After the horrific attack in Las Vegas late Sunday night, certain people used their national platform to spread some poorly reasoned ideas about it. One of those individuals is Televangelist Pat Robertson, who blamed the Las Vegas attack on Americans' supposed "disrespect" for authority. As the nation mourns the loss of over 50 innocent people, the connection is neither appropriate nor sensical.
In his response, he blamed NFL players who kneel instead of stand up for the National Anthem, as well as people who have "disrespect" for Donald Trump and say "terrible things about him."
Violence in the streets, ladies and gentlemen. Why is it happening? The fact that we have disrespect for authority; there is profound disrespect for our president, all across this nation they say terrible things about him. It’s in the news, it’s in other places. There is disrespect now for our national anthem, disrespect for our veterans, disrespect for the institutions of our government, disrespect for the court system. All the way up and down the line, disrespect.
It's unfortunate that citizens' decision to question government institutions — a right that defines American democracy — is labelled as "disrespect" by a figure who is trusted to be moral.
Then again, Robertson didn't disagree that pagans, abortion advocates, the LGBTQ community, and feminists are partially to blame for the horrors of the Sept. 11 terrorist attacks. On Sept. 13, televangelist Jerry Falwell spoke on his radio show and wasn't shy about condemning people who go against his personal, subjective beliefs.
The abortionists have got to bear some burden for this because God will not be mocked. And when we destroy 40 million little innocent babies, we make God mad. I really believe that the pagans, and the abortionists, and the feminists, and the gays and the lesbians who are actively trying to make that an alternative lifestyle, the ACLU, People For the American Way – all of them who have tried to secularize America – I point the finger in their face and say “you helped this happen.”
Robertson responded, "Well, I totally concur." The 87-year-old wasn't the only one who had a troubling explanation — albeit unsurprisingly — for the Las Vegas attack on Monday. Former Fox News anchor Bill O'Reilly had the nation fuming after he wrote on his blog that the shooting was the "price of freedom."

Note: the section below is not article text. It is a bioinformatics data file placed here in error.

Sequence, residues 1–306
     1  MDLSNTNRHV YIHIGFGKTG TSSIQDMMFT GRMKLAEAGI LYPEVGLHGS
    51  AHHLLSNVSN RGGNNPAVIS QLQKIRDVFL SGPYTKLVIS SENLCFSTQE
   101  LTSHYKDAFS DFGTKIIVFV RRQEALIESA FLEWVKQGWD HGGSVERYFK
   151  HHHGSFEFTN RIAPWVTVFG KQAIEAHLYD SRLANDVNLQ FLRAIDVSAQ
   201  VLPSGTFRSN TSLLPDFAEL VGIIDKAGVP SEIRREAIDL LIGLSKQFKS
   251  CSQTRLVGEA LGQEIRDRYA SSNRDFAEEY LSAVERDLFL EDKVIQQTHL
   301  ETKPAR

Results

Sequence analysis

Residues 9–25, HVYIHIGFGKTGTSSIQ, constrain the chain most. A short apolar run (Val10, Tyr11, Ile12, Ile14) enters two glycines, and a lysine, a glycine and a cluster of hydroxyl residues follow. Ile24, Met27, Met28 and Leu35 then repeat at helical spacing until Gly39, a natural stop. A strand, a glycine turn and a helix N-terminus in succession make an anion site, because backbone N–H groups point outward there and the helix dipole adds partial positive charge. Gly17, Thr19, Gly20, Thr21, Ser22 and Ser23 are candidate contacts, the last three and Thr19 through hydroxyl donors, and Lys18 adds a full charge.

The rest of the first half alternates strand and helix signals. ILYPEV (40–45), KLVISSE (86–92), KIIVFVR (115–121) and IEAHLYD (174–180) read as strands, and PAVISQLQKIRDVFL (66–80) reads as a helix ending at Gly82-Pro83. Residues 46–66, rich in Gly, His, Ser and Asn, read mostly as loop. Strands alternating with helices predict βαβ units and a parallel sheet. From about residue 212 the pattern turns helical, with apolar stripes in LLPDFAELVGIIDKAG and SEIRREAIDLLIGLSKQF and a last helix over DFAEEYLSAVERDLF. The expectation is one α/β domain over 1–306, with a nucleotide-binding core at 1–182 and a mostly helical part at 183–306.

Public safety demands logical gun laws but the issue is so polarizing and emotional that little will be accomplished as there is no common ground. The NRA and its supporters want easy access to weapons, while the left wants them banned. This is the price of freedom. Violent nuts are allowed to roam free until they do damage, no matter how threatening they are.
If you don't read his entire post, this almost sounds like a perverted defense of stricter gun laws. But it's not. "But having covered scores of gun-related crimes over the years, I can tell you that government restrictions will not stop psychopaths from harming people," O'Reilly wrote. "They will find a way."
And perhaps worst of all, others were quick to craft conspiracy theories about the horrific incident just hours after it occurred. For example, a particular InfoWars story claims there was a second shooter and that police reports thus far are false. In fact, the site's founder, Alex Jones, has even begun speculating on the shooter's motive, even though a motive has not been confirmed.
Nothing can be solved by placing the blame on a particular group of people or a certain "side." And the Las Vegas attack is no exception. These misleading claims are certainly not revelations, no matter how much Robertson, O'Reilly, or Jones may suggest they are. They're both ignorant and disrespectful to those being affected by the aftermath of the attack.